SCOTUS WrapUp: Trump Denied Citizenship Question In 2020 Census; On The Other Hand, Democracy Is Screwed

Ken AshfordElection 2020, Immigration and Xenophobia, Local Interest, Polls, Supreme Court, Trump & Administration, Voter Suppression & Voter SecurityLeave a Comment

The last day of the term meant the handing down of two critical and important opinions.

The first, Department of Commerce v New York, was a blow to the Trump administration. The issue involves the inclusion of a question non the census about citizenship. It was challenged on the grounds that it was arbitrary and capricious — in essence, that it was being used to gather information on undocumented immigrants and not for purposes of the census. In fact, it was argued, it will lead to an inaccurate census count because undocumented immigrants will refuse to take the census at all. The census of course is used not only to determine representation in Congress, but the allocation of funds for pubic health and welfare.

While not holding that the citizenship question was arbitrary and capricious (the legal standard), the court unanimously agreed that the question was “contrived” and served no valid purpose on the census. In other words, the Trump administration’s rationale for including that question -it was needed principally to better enforce the Voting Rights Act — was, in a word, bullshit. ALL the justices saw through it.

Where they disagreed was what to do about. The four judge dissent would have closed the case, but the five judge majority (all conservative) instructed the Department of Commerce to come up with a better reason — one that would pass constitutional muster. In other words, another bite at the apple. Problem is, the census goes to print in literally a few days, and there isn’t time to come up with a better rationale, and fight it in the courts.

Bottom line: the practical result is that the citizenship question will not be on the 2020 census.

But Trump thinks otherwise:

Oh, Donnie. You can ask it all you want. Just not in the census (which is supposed to count people, not citizens), and not under penalty of breaking the law.

The Supreme Court also handed down its gerrymandering case — cases, actually.

Rucho v. Common Cause was brought by voting rights groups and Democratic voters, among others, who argued that North Carolina’s 2016 congressional districting plan was unconstitutional, saying the map drawn by Republican legislators amounted to an unconstitutional partisan gerrymander that intentionally diluted the electoral strength of individuals who oppose Republicans.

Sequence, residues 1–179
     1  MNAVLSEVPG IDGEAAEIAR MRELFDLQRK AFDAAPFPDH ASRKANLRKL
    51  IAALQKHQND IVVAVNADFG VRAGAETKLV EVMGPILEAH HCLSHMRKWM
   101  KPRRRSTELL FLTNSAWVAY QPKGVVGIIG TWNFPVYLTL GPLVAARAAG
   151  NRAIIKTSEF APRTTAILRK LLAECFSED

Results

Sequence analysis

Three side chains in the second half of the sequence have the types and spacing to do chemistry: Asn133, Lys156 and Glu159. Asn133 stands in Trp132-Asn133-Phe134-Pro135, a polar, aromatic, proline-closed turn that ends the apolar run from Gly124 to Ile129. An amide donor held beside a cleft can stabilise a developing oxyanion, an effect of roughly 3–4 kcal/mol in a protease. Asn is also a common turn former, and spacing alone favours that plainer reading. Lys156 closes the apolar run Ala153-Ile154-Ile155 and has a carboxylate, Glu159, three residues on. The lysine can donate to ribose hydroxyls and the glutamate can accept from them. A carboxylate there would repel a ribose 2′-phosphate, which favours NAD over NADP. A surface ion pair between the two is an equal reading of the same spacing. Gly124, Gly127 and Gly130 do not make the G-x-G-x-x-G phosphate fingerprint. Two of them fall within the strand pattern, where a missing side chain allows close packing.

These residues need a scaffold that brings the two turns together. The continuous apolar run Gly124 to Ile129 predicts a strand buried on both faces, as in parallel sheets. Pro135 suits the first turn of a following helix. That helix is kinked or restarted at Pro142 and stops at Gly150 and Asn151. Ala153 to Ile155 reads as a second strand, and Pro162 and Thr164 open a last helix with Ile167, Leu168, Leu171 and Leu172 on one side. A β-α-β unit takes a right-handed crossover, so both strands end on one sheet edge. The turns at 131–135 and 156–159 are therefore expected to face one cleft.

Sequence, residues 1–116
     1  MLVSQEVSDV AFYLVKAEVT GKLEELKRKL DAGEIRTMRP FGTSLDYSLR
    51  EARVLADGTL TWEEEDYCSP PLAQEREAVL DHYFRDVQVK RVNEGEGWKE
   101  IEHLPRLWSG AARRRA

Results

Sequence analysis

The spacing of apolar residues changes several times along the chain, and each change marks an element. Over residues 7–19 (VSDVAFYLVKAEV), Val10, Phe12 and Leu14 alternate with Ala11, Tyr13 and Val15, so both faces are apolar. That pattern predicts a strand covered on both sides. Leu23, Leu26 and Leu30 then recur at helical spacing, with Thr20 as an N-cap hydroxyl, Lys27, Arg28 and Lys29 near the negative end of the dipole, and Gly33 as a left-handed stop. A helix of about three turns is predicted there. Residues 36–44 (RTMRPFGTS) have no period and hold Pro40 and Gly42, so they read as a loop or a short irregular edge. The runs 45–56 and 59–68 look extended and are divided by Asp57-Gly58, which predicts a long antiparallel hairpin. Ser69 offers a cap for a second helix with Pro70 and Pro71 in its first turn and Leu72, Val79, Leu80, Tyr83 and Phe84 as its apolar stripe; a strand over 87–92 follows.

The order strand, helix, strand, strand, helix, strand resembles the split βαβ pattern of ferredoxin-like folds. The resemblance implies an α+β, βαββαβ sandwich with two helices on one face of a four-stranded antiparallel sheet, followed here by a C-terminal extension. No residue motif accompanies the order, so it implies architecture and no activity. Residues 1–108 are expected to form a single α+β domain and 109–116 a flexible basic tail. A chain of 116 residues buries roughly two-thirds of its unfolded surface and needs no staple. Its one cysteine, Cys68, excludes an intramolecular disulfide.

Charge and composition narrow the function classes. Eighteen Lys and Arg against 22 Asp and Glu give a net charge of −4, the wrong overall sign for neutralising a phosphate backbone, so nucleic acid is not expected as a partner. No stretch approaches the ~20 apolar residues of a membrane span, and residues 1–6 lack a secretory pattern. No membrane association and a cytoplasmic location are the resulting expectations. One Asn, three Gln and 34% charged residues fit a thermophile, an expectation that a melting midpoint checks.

The other case, Lamone v. Benisek, came from Maryland. A lower court had blocked the map, holding that individuals in the district were retaliated against based on how they had voted, in violation of the First Amendment. This case was brought by seven Republican voters, who argued that then-Democratic Gov. Martin O’Malley, who was overseeing the redistricting process, took particular aim at the state’s 6th congressional district.

The Roberts opinion (for the 5-4 majority, on ideological grounds) ruled NOT that partisan gerrymandering was constitutional, but rather, that it was not a question for the courts. We should at least be grateful that they said THAT, because they could have said, “Look it is OUR decision to make, and we decide that partisan gerrymandering is okay (constitutional)”. Thankfully, they did not.

Roberts essentially wrote, “Hey if we were to decide this case on the law, what would we use as a guideline to say what is permissible and what is not? The laws and the Constitution give us no guideline, so anything we decide would ultimately be a political guess, and that’s not what we do.” Or, as he actually wrote when it comes to partisan gerrymandering, which has been going on in some form or another for centuries, how can a court say “how much is too much?”

He’s not wrong about that, and we should be glad that Roberts does not want it to be an activist Supreme Court — especially a conservative activist one. Frankly, that’s what the Supreme Court *should* have done with Bush v. Gore, where it clearly and *admittedly* did not have a road map or guideline to resolve the case, but it decided to anyway.

On the other hand, Kagan’s dissent is a really good read. In answer to Roberts’ “how much is too much” question, she wrote as follows: 

“How about the following for a first-cut answer: THIS much is too much…. A map that without any evident non-partisan districting reason (to the contrary) shifted the composition of a district from 47% Republicans and 36% Democrats to 33% Republicans and 42% Democrats… the largest partisan swing of a congressional district in the country”

(She was talking about the Maryland partisan gerrymandering, but here in North Carolina, it is more widespread, and it favors Republicans)

Kagan gave examples where lower federal courts and state courts were able to say that partisan gerrymandering was “too much” and asked rhetorically, “If they can answer that question, why can’t we?”

And Roberts responds with (essentially) “Yeah, but you still haven’t articulated a rule or guide for the lower courts or the state legislatures who have to draw these lines”.

So now we are left with a situation where, certainly in North Carolina and coming soon to a neighborhood near you, the legislature gets to pick the voters, rather than the other way around. As Kagan concluded:

What happens now? Hopefully a move to enact laws and constitutional changes at the state level, and maybe even movement toward a federal constitutional amendment.

And it clearly is a 2020 election issue.